Line in equations [duplicate]

How would you write the code for this expression?:

• You can use the tikzmark library of tikz.
– user194703
Commented May 18, 2020 at 19:15
• I have added a very similar question. Does this solve your problem? Commented May 18, 2020 at 19:27
• Also related: tex.stackexchange.com/questions/278718 Commented May 18, 2020 at 19:28
• Also related: tex.stackexchange.com/questions/34452 Commented May 18, 2020 at 19:34

I have added some examples - they are not perfect but a start.

% Based on https://tex.stackexchange.com/questions/34452 and https://tex.stackexchange.com/questions/35717
% Remark: Please compile at least 2 times (otherwise the arrow position may be wrong).

\documentclass{article}
%\usepackage{amsmath}
\usepackage{tikz}
%\usetikzlibrary{calc}

\newcommand{\tikzmark}[1]{\tikz[overlay,remember picture] \node (#1) {};}

\begin{document}

$$a\tikzmark{a_mark}x^2 + bx + c = 5\tikzmark{b_mark}x^2 + bx + c. \begin{tikzpicture}[ overlay, remember picture, out = 315, % degree in = 225, % degree distance = 5mm, ] \draw[ ->, red, ] (a_mark.center) to (b_mark.center); \end{tikzpicture}$$

$$a\tikzmark{a_mark}x^2 + bx + c = 5\tikzmark{b_mark}x^2 + bx + c. \begin{tikzpicture}[ overlay, remember picture, out = 45, % degree in = 135, % degree distance = 10mm, ] \draw[ ->, blue, ] (a_mark.center) to (b_mark.center); \end{tikzpicture}$$

$$a\tikzmark{a_mark}x^2 + bx + c = 5\tikzmark{b_mark}x^2 + bx + c. \begin{tikzpicture}[ overlay, remember picture, out = 45, % degree in = 135, % degree distance = 10mm, ] \draw[ ->, green, shorten > = 15pt, shorten < = 15pt, ] (a_mark.center) to (b_mark.center); \end{tikzpicture}$$

\end{document}


Or using tikzmark.

\documentclass{article}
\usepackage{tikz}
\usetikzlibrary{tikzmark,arrows.meta,bending}
\begin{document}
$f(0) = \tikzmarknode{1}{1} \foreach \X in {2,3,4} {\;,\quad f(\the\numexpr\X-1)= \tikzmarknode{\X}{\the\numexpr2*\X-1}} \begin{tikzpicture}[overlay,remember picture] \foreach \X [count=\Y] in {2,3,4} {\draw[-{Stealth[bend]},red!80!black] (\Y.north east) to[bend left] node[above]{+2} (\X.north west);} \end{tikzpicture}$
\end{document}


• Thanks, but is different. Commented May 18, 2020 at 20:15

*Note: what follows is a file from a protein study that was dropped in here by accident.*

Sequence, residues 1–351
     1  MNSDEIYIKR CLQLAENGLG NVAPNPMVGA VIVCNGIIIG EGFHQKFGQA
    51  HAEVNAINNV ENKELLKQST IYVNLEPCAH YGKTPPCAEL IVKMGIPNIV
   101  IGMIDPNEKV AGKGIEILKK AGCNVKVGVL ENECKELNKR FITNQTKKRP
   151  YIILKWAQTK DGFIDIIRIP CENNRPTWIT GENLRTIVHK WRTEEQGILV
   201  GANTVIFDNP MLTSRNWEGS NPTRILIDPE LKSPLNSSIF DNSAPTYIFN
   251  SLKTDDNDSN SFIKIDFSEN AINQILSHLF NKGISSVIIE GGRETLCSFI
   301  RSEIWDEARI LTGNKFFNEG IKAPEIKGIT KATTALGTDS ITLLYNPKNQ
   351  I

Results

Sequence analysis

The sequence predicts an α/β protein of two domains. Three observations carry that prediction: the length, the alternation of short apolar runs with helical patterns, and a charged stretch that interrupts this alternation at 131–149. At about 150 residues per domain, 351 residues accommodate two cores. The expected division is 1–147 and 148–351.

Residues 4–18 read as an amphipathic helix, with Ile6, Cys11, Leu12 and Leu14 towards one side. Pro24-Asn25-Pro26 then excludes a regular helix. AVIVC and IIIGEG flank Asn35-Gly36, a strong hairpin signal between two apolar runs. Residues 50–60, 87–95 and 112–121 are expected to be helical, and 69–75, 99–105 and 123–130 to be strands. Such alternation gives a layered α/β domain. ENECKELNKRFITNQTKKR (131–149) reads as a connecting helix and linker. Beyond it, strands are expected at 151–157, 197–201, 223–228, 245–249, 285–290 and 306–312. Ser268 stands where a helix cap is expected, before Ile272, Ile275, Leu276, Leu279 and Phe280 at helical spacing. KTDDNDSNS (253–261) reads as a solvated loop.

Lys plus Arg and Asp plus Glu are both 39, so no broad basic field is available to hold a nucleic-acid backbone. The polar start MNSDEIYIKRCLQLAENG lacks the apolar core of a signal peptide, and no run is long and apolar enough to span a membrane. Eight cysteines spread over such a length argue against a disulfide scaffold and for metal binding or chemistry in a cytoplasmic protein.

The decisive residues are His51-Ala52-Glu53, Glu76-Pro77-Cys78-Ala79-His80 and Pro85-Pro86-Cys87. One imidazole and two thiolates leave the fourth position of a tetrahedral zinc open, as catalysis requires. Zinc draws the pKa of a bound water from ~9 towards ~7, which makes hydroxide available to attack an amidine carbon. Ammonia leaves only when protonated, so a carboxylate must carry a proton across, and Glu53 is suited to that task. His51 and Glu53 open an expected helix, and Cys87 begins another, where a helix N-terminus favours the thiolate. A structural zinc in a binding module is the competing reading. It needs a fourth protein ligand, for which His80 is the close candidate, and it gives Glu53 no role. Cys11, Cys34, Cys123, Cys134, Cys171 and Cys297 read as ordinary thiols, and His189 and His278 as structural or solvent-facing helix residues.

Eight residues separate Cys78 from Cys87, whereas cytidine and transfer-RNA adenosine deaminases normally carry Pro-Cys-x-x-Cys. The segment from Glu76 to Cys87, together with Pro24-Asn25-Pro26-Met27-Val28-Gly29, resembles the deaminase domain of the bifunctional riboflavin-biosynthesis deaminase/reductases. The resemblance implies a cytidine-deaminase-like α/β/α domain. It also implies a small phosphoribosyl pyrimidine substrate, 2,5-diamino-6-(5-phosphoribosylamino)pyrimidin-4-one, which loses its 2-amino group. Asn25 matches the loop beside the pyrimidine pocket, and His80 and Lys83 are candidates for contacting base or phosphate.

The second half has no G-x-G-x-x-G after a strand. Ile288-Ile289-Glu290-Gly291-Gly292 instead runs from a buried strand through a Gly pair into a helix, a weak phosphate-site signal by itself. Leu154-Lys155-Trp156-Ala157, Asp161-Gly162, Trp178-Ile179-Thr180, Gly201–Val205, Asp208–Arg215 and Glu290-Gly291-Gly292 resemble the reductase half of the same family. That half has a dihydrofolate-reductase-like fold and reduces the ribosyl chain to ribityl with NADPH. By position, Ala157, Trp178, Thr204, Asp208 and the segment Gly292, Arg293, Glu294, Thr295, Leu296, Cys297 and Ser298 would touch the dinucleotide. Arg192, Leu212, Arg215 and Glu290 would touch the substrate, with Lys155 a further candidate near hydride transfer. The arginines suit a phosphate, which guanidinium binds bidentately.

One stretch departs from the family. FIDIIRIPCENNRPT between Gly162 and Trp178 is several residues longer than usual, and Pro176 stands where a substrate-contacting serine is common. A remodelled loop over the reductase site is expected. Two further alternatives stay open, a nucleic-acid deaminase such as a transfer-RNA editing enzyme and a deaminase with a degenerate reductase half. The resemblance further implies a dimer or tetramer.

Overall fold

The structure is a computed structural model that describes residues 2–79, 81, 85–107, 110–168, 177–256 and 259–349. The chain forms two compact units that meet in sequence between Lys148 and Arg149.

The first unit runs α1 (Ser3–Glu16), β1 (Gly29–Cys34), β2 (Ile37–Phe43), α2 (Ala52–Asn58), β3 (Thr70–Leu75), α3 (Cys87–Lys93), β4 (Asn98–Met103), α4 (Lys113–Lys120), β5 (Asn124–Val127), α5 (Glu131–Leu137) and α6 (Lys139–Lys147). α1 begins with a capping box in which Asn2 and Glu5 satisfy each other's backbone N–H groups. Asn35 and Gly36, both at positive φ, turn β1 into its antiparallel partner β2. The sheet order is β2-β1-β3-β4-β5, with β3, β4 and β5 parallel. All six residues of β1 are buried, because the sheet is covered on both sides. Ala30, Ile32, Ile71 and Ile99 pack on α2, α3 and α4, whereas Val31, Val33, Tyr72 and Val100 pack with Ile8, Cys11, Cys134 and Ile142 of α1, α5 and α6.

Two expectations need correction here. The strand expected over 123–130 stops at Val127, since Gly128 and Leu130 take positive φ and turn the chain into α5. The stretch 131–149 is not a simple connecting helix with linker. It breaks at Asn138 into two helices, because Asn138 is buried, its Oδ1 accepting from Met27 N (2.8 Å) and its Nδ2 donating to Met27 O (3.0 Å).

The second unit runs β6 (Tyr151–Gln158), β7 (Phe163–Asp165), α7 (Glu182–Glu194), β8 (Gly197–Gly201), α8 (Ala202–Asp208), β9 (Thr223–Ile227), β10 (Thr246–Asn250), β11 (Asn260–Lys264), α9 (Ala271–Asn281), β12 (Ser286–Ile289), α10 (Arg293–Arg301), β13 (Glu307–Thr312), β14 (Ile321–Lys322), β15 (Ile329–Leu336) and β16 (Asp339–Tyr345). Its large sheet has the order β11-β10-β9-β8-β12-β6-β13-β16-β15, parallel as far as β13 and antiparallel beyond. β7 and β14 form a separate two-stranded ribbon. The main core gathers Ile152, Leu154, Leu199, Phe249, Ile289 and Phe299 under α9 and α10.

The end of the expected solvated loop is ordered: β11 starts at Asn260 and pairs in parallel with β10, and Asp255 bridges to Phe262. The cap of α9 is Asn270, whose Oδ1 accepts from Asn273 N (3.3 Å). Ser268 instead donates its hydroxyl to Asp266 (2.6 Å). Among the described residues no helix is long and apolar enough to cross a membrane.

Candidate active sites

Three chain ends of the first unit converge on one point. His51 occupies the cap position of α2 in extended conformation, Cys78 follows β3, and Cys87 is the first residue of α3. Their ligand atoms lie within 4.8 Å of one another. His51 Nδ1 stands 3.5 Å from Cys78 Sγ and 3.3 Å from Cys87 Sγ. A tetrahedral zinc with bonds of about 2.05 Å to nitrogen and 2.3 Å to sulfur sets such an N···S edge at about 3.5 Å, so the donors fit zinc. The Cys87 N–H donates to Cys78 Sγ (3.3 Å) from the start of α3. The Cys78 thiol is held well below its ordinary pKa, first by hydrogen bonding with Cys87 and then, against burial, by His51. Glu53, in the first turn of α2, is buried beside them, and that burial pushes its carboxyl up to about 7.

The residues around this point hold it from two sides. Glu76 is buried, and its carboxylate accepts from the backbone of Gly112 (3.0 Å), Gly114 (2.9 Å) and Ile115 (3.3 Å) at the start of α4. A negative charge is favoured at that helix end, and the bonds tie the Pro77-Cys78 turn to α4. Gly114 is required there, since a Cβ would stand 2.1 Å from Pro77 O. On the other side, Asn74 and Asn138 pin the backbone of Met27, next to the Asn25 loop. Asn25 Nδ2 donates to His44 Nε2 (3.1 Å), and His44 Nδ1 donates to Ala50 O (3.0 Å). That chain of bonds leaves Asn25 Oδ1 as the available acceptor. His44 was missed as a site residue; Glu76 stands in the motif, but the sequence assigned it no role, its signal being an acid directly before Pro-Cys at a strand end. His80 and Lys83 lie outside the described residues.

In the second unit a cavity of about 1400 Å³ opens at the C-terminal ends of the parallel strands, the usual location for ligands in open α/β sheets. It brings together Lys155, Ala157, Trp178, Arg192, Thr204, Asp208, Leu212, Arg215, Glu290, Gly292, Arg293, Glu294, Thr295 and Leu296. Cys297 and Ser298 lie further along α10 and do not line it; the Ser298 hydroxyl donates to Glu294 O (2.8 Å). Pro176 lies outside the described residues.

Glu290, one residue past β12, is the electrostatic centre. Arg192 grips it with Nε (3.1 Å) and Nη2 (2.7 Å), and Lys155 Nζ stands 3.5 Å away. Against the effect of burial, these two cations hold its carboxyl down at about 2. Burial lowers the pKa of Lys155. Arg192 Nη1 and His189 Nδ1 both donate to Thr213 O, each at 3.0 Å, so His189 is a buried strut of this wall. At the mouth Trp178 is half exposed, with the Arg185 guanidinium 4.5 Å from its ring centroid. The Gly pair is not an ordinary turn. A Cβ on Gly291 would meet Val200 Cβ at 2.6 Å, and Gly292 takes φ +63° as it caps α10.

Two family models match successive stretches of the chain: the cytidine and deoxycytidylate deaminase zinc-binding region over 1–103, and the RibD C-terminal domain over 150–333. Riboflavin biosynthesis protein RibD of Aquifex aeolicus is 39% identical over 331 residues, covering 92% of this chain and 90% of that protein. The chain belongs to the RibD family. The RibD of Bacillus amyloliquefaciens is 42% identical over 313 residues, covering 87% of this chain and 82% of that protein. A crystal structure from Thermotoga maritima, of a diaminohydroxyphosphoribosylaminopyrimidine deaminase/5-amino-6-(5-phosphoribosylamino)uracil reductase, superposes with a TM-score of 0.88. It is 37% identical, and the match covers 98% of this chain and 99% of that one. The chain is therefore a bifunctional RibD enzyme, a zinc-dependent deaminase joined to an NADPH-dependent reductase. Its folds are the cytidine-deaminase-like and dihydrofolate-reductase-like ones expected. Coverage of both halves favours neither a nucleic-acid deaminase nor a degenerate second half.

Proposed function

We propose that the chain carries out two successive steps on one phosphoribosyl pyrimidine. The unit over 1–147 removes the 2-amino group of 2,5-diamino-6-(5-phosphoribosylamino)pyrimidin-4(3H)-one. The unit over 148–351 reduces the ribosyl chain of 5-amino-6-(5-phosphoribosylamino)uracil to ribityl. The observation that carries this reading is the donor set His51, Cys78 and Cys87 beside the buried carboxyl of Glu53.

• @ArnoldFernández As you can see from your negative vote (it wasn't me), your question is maybe not ideal. I strongly suggest, that you read the following link carefully and try to follow the recommendations: tex.meta.stackexchange.com/questions/228. Asking a "good question" is hard work and takes time! Commented May 18, 2020 at 20:34
• I hope you do not mind the edit but my really think one should not define \tikzmark, which is a command of the tikzmark library. Rather, please use the tikzmark library and, in particular, \tikzmarknode.
– user194703
Commented May 18, 2020 at 21:56
• @Schrödinger's cat Thanks! I apparently used a very old question as a template before the library was available. Commented May 18, 2020 at 22:29

A short code with pstricks: each value is made an \rnode, and these nodes are linked by a node connection with the relevant shape (\ncarc) with a label above:

\documentclass[svgnames]{article}
\usepackage{nccmath}

\usepackage{pst-node}

\begin{document}

$f(0) = \rnode{1}{1},\; f(1)= \rnode{2}{3},\; f(2)= \rnode{3}{5},\; f(3)= \rnode{4}{7} \psset{linewidth = 0.5pt, arrows=->, arrowinset=0.15, arcangle=45, labelsep=1pt, nodesep=1pt, linecolor=IndianRed} \foreach \s/\t in{1/2,2/3,3/4}{\ncarc[offset=2pt]{\s}{\t}\naput{\color{IndianRed}\medmath{+2}}}$%

\end{document}


• Thanks. How would it be with Tikz? Commented May 18, 2020 at 21:00
• I'm sorry, I'm no expert in TiKZ. It certainly is also possible, but probably with a bit longer code. Certainly some of the Tikz specialists will propose a code. Commented May 18, 2020 at 21:12
• @ArnoldFernández No, the code is not longer with TikZ. The converse is true. (I have been using PSTricks for more over a decade and find it not appropriate to claim that the code with TikZ is longer than with PSTricks. In 90% of the cases it is precisely the opposite.)
– user194703
Commented May 18, 2020 at 21:43
• Bernard, how is it possible that, on the one hand, by your own admission you are "no expert on TikZ", but on the other hand you think that the code will be longer? As someone who has used PSTricks over a long time I can tell you that there is absolutely no basis for such claims, and this very example is substantiating the empirical fact that PSTricks is usually longer and, to me more importantly, far less flexible, even if one ignores the fact that you are very restricted in the choice of compilers. The only reason why your code is not excessively long is that you load pgffor.
– user194703
Commented May 19, 2020 at 1:24
• Don't fight :). You're both great :). Commented May 19, 2020 at 9:57